Monday, August 31, 2020
State Challenges Aug. 14 Decision Which Affirms District Court’s Bar on Enforcement of Amendment to Statute Created by Initiative Barring Possession of Weapons With Large Capacity Magazines
By a MetNews Staff Writer
The Office of California Attorney General on Friday filed a petition in the Ninth U.S. Circuit Court of Appeals seeking an en banc review of a three-judge panel’s Aug. 14 2-1 decision declaring California’s ban on high-capacity firearms magazines violates the Second Amendment.
“This case involves a question of exceptional importance, affecting the safety of every Californian,” the state’s petition contends.
Circuit Judge Kenneth K. Lee wrote the majority opinion in the case, joined by Circuit Judge Consuelo M. Callahan. District Court Chief Judge Barbara M.G. Lynn of the Northern District of Texas, sitting by designation, dissented.
The opinion affirms a summary judgment granted in 2017 by District Court Judge Roger T. Benitez of the Northern District of California blocking enforcement of Proposition 63 which amended California Penal Code §32310 to ban the possession of weapons with large capacity magazines (“LCM”s), which hold more than 10 rounds of ammunition.
Lee acknowledged that the action came in “the wake of heart-wrenching and highly publicized mass shootings,” but said:
“[E]ven well-intentioned laws must pass constitutional muster. California’s near-categorical ban of LCMs strikes at the core of the Second Amendment—the right to armed self-defense. Armed self-defense is a fundamental right rooted in tradition and the text of the Second Amendment. Indeed, from pre-colonial times to today’s post-modern era, the right to defend hearth and home has remained paramount.”
Lynn protested that the panrel was departing from the Ninth Circuit’s 2015 decision in Fyock v. City of Sunnyvale and runs counter to decisions of other circuits, commenting:
“The record in this case is nearly identical to the records in those other cases, with many of the same expert and studies. I would not depart from those well-reasoned opinions.”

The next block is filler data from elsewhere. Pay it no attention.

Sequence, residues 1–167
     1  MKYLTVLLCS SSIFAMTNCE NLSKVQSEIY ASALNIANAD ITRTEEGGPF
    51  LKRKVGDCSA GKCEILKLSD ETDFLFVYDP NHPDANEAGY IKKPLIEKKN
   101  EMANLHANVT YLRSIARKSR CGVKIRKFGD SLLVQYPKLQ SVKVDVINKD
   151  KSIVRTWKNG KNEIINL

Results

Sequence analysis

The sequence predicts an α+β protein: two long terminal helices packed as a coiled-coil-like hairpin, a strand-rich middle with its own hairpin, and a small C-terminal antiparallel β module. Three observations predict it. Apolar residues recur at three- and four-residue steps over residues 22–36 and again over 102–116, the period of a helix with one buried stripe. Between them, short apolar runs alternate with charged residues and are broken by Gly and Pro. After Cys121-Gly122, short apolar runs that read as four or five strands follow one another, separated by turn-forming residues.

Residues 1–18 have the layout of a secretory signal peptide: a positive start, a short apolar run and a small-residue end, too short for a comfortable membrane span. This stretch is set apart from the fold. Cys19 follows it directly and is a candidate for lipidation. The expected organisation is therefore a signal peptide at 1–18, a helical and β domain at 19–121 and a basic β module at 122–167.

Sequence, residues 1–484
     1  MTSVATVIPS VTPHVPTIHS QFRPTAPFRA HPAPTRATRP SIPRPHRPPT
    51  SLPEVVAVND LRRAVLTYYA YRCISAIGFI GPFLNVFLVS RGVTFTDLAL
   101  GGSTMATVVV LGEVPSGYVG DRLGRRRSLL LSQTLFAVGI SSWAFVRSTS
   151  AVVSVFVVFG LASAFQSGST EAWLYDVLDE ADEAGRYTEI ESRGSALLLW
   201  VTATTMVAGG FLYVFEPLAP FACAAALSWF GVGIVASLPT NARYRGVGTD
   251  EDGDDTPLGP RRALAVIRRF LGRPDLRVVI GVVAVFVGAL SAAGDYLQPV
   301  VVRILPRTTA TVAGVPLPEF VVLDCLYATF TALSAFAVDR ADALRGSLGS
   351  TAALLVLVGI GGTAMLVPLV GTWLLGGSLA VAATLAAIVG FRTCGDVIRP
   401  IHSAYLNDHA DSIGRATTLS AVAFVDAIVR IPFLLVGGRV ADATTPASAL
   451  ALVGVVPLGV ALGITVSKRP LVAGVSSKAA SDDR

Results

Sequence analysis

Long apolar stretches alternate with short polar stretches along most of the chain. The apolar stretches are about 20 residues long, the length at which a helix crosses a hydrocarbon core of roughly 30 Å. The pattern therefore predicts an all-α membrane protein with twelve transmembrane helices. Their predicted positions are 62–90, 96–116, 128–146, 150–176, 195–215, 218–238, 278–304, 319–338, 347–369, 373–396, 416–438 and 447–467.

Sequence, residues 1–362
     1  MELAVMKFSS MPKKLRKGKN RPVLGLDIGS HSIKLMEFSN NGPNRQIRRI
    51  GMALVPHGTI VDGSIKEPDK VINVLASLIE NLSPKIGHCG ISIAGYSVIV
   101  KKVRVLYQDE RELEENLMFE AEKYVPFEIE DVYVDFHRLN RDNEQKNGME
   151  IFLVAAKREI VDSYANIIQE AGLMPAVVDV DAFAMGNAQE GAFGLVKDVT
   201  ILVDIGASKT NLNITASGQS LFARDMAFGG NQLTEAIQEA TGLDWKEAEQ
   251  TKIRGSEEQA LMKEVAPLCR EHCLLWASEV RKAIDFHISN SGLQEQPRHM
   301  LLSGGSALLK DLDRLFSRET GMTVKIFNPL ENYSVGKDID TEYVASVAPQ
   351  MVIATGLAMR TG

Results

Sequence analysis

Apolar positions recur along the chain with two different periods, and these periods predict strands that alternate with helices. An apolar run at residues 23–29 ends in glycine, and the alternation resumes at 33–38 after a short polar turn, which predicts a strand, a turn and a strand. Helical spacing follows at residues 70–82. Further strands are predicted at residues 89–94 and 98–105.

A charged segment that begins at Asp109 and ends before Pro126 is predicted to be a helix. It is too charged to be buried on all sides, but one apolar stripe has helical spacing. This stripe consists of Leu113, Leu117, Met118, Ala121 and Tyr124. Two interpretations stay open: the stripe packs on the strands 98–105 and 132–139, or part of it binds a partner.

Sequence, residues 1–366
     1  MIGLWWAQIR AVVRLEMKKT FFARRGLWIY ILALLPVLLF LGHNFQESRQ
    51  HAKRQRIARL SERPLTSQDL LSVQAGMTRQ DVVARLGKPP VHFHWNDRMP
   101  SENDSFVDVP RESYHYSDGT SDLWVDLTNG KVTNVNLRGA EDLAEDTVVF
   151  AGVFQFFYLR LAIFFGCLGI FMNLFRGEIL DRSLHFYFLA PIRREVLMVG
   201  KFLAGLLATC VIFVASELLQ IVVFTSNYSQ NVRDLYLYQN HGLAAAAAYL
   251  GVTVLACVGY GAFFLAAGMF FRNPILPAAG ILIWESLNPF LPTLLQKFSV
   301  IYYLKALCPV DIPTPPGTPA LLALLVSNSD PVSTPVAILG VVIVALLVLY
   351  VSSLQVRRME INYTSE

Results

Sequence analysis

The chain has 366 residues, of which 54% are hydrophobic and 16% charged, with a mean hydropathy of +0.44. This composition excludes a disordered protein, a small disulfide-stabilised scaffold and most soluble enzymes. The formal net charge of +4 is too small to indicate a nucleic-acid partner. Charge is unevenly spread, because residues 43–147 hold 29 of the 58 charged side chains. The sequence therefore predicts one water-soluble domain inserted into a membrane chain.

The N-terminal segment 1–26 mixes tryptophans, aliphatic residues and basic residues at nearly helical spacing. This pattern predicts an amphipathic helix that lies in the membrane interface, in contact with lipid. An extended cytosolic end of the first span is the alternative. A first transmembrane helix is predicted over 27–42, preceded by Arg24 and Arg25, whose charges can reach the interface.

Deputy Solicitor General Samuel P. Siegel said in the brief filed Friday.
“Although the panel held that California’s LCM law failed strict scrutiny, it reasoned in the alternative that the law would fail intermediate scrutiny….That conclusion warrants en banc review in its own right, because it conflicts with Fyock and is inconsistent with every other federal appellate decision applying intermediate scrutiny to a similar statute….Each of those decisions required the government to introduce evidence showing that the LCM law advanced a ‘substantial and important’ government interest…, and to establish a substantial relationship between that interest and the LCM restriction….Each decision properly concluded that the law in question survived intermediate scrutiny in light of the compelling public safety interests at stake.”
Siegel went on to say:
“California’s LCM law is a reasonable regulation that is consistent with the Second Amendment….
“What California’s LCM law does do is protect the safety of the public and law enforcement officers, at a tune when mass shootings are occurring with disturbing frequency. Although not all mass shootings involve LCMs…, those committed with LCMs are far deadlier—inflicting an average of nearly three-and-a-half times as many casualties as those that do not.”
‘Devastating Practical Effects’
The deputy solicitor general added:
“The significance of this case thus extends beyond the fact that the panel’s decision departs from this Court’s precedent, creates an inter-circuit conflict, and would engender confusion in the law. The panel’s decision to invalidate California’s LCM law in its entirety could also have devastating practical effects throughout the State. The Court should grant rehearing en banc to eliminate the discord that the panel’s decision would otherwise create.
California Attorney General Xavier Becerra said in a statement Friday:
“Our commonsense gun safety measures here in California have a track record of success in doing what they were meant to do—keep our communities safe. We disagree with the [Ninth Circuit’s] initial decision and will continue to use every tool we have to defend the constitutionality of our laws.”
C.D. Michel, senior partner in Michel and Associates in Long Beach and one of the attorneys for the plaintiffs/appellees, commented:
“The governor and attorney general have steadfastly refused to respect the civil rights guaranteed by the Second Amendment, so their decision to seek review of the appellate court’s ruling in Duncan case by a larger en banc panel of judges was expected.”
Michel, who is president and general counsel for the California Rifle & Pistol Association (CRPA”), continued:
“CRPA stands ready to support this case at this next level, and all the way to the Supreme Court.
“By potentially sending this case to the Supreme Court, this case may present the opportunity to set things straight on the broader issue of what the standard of review test should be when considering any Second Amendment challenge. The Supreme Court seems inclined to do away with the complicated subjective tests that many courts have wrongly applied in Second Amendment cases, in favor of a clearer more objective ‘originalist’ approach that considers the text, history and tradition of a law to determine what infringements might be tolerated.”
The case is Duncan v. Becerra, 19-55376.
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